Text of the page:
The British Jewry Book of Honour: 104 Years Since the End of WWI
Hosted By: The National Library of Israel (NLI)
The British Jewry Book of Honour was published in 1922 in London to permanently record and honor the contribution made by the 50,000 Jews who served in the British and colonial forces during World War I. More than 2000 Jews died fighting for Britain in the conflict. Reverend Michael Adler, the first Jewish Chaplain to serve in France, sent the names of Jewish servicemen to the Jewish Chronicle who published weekly lists from September 1914 onwards. It was their intention from the very beginning to publish a permanent record after the war of those who served in order that future generations might “have before them, in a permanent form, the remembrance of these men” to honor them with pride and to remember their sacrifices and bravery.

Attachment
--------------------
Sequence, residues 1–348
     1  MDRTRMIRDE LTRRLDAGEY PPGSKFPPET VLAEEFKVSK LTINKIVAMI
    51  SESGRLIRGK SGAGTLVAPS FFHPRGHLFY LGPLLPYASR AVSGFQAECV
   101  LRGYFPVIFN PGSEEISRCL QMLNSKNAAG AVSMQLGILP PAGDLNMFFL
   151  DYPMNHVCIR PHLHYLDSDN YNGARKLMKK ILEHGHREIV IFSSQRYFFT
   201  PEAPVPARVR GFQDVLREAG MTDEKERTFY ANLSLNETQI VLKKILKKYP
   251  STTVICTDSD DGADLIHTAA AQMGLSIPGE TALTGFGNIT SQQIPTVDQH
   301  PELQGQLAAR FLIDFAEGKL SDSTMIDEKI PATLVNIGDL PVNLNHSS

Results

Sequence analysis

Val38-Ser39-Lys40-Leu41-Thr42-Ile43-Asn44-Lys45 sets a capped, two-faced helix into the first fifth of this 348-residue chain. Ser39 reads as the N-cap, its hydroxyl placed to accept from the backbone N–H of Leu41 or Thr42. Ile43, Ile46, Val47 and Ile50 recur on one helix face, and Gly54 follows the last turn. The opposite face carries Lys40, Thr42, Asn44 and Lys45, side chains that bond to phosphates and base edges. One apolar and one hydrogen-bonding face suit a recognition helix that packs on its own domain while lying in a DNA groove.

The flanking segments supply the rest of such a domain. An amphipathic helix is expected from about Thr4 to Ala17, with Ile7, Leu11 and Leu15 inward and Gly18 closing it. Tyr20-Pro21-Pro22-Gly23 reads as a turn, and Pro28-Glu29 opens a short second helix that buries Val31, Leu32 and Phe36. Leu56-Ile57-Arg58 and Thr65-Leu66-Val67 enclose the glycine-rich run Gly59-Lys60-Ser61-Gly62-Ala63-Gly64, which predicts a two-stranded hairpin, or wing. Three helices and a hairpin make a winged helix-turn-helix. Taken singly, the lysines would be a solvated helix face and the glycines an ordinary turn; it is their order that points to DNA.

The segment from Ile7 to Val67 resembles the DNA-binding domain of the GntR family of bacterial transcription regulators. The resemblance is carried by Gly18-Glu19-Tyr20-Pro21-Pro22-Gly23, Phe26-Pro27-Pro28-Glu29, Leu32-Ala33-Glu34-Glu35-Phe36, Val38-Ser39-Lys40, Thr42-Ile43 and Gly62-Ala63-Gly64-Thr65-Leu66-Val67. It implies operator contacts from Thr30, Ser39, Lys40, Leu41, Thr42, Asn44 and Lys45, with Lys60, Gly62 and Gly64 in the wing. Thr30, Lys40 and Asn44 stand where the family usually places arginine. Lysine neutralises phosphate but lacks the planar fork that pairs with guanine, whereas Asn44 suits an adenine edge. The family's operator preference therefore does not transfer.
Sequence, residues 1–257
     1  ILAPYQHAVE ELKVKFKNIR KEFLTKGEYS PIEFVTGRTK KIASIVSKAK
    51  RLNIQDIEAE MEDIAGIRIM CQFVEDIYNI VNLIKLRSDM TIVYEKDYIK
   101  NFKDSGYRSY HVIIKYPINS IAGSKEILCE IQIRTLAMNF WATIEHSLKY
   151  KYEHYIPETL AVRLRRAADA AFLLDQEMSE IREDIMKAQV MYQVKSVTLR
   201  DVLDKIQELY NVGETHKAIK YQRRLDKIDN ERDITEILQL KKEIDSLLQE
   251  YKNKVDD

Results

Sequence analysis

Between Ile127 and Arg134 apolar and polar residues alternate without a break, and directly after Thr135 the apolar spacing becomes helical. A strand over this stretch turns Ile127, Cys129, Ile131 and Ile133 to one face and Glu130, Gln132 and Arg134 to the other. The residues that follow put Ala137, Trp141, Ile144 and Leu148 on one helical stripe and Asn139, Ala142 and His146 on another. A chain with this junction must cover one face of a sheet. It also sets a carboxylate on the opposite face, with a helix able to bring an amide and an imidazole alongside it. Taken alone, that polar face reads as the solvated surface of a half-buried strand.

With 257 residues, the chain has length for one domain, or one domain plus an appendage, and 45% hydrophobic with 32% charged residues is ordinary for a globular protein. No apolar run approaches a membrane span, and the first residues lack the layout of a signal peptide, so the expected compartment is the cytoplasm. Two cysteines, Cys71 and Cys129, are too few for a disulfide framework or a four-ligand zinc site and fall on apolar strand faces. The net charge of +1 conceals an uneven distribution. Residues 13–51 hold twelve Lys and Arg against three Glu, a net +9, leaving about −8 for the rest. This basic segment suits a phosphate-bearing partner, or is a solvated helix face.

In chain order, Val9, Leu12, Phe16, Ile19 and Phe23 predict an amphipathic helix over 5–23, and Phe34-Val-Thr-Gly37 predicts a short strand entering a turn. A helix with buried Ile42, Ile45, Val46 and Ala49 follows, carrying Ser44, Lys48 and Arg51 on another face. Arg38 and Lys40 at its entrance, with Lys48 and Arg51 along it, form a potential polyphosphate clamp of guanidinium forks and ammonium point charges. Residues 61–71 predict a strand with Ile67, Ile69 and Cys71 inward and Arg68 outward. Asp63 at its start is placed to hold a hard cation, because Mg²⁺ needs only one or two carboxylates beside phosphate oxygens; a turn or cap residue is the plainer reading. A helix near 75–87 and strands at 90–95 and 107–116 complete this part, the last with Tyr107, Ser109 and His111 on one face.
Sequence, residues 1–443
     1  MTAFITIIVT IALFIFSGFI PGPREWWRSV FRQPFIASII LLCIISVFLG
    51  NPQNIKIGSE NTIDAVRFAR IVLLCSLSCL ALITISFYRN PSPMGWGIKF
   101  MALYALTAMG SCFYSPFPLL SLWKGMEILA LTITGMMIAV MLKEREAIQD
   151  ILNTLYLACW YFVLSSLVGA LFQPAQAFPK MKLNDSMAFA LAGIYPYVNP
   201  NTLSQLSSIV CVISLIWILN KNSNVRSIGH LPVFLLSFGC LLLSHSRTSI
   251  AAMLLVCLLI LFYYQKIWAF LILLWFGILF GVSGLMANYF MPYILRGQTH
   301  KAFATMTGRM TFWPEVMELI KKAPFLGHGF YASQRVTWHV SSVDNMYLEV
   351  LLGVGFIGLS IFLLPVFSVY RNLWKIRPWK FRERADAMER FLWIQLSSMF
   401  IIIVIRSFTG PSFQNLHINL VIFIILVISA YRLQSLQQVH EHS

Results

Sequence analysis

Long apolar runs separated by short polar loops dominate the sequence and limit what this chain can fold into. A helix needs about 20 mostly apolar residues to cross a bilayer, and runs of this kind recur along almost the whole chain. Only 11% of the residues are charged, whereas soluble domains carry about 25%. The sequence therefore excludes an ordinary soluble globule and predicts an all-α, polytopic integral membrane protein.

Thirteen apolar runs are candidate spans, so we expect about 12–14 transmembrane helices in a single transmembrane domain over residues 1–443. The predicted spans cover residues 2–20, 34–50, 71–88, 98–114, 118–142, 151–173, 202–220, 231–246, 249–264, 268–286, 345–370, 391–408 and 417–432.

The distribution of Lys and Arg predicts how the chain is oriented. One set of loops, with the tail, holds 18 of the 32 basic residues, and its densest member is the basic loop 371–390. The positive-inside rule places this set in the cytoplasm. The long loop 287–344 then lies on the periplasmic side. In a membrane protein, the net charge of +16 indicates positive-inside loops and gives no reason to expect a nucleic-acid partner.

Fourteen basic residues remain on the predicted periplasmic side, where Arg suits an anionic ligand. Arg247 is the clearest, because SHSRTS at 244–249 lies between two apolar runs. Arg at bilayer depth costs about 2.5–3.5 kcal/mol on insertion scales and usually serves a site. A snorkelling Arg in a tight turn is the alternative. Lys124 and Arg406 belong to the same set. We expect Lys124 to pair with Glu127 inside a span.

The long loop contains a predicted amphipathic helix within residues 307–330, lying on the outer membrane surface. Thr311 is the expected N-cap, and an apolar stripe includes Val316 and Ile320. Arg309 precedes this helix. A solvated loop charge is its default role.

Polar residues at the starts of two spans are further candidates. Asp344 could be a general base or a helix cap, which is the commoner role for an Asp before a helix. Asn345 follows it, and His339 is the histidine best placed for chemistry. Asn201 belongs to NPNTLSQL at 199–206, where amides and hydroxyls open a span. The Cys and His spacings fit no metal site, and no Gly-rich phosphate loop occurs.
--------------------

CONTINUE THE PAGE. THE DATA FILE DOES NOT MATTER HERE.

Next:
In this lecture, Ronnie and Lola Fraser will explore the reasoning behind the book’s publication and the methodology used. They will also look in depth at some of the lives closely connected with the book as well as some of the personalities memorialized in its pages.
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